The study of populations that have forfeited the ability to dream with preserved REM sleep makes it possible to test not only the classical theory on the function of dreams, but also such theories that deal with the role of dreams in memory consolidation during sleep. In recent years, there has been increased interest in the hypothesis that sleep contributes to and significantly influences memory processing.

In this context, dreaming is postulated to play a specific role in memory processing during sleep.

There are several hypotheses regarding the role of dreaming in memory consolidation. For example, Stickgold et al. found that during REM sleep, limbic forebrain structures are activated along with the amygdala, while there is concomitant inhibition of hippocampal signalling, which presumably prevents re-activation of episodic memory content. Accordingly, dreams would mainly occur via weak neocortical associations available during REM sleep. The authors hypothesize that this feature reflects the brain's attempts to recognize and evaluate new cortical associations in the context of emotions mediated by limbic structures. They concluded that one function of REM sleep was to enhance or attenuate specifically activated associations with regression to pictorial imaginings to compensate for the relative loss of motor activity during sleep.

Similarly, it has been postulated that the occurrence of memories in dreams promotes learning by, first, reactivating memory elements in their original perceptual state and, second, that linking a wide variety of memory elements strengthens and consolidates them and, third, that dreaming newly learned material facilitates later recall.

Relevance and research questions of the study:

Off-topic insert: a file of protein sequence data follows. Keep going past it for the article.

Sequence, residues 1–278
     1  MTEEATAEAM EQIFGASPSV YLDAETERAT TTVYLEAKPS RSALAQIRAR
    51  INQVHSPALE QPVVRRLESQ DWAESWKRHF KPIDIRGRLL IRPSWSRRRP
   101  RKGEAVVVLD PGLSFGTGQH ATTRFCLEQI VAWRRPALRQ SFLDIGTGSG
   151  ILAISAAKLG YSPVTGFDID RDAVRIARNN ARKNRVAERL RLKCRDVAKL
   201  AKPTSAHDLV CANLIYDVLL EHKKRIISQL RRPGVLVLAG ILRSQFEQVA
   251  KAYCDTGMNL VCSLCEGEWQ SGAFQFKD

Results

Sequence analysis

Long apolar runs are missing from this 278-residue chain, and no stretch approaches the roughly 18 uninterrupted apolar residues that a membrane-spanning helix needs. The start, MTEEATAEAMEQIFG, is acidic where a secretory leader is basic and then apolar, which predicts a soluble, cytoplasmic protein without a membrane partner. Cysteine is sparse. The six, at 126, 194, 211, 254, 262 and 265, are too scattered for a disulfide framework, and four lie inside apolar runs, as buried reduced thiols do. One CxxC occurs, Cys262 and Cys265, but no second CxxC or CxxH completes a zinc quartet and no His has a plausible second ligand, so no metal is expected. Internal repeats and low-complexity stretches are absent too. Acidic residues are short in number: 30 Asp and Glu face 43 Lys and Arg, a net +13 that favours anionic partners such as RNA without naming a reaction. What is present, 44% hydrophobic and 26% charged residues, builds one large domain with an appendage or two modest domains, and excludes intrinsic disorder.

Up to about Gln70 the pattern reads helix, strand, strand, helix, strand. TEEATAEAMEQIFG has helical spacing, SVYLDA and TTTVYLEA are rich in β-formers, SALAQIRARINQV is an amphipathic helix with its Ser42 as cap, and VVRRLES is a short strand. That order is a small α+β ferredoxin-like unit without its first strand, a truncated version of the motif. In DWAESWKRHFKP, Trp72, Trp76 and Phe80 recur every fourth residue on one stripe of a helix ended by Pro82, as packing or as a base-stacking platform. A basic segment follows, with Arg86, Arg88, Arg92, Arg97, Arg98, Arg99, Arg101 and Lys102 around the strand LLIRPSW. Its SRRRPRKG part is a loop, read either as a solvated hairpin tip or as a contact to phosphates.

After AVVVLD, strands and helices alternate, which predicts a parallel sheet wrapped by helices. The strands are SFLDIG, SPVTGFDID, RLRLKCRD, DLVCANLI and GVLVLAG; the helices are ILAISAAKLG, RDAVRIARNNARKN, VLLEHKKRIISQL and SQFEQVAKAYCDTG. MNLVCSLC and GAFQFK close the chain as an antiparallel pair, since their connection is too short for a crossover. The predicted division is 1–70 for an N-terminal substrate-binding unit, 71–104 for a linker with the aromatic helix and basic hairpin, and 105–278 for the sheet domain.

Through a specific choice of sample of neurological patients with posterior cortical lesions who are at risk of losing the ability to dream due to the lesion, the proposed project is particularly aimed at understanding the biological function of dreaming as distinct from REM sleep. Based on the neuropsychoanalytic theory of Solms, as well as neuropsychological findings that REM sleep and dreaming are doubly dissociable phenomena, the central hypothesis that dreams serve to maintain sleep (Sigmund Freud's hypothesis) will be investigated. By this, Freud meant that dreams serve to respond to sometimes highly affect-laden impulses to action with hallucinatory wish fulfillment, so that they do not lead to premature awakening. Secondly, it will be investigated whether dreams influence affective memory consolidation. This will be investigated using two groups of neurological patients with thrombotic infarction in the posterior stream area, i.e., the posterior cerebral artery (PCA infarction) during preserved REM sleep (i) who have lost the ability to recall dreams, and (ii) in whom the ability to recall dreams has been preserved. This has far-reaching implications not only for sleep medicine and neuroscience, but also for clinical neurology. Sleep pathologies have not yet been considered clinically-scientifically as a consequence of PCA infarction and, accordingly, have not yet been studied, but could provide significant clues for the clinical management of such patients. Similarly, findings on memory consolidation after PCA infarction during preserved REM sleep are significant because an important aspect of memory processing during sleep is examined with the distinction between preserved and nonsustained dreaming, which also has not been considered in scientific studies to date but is of clinical relevance.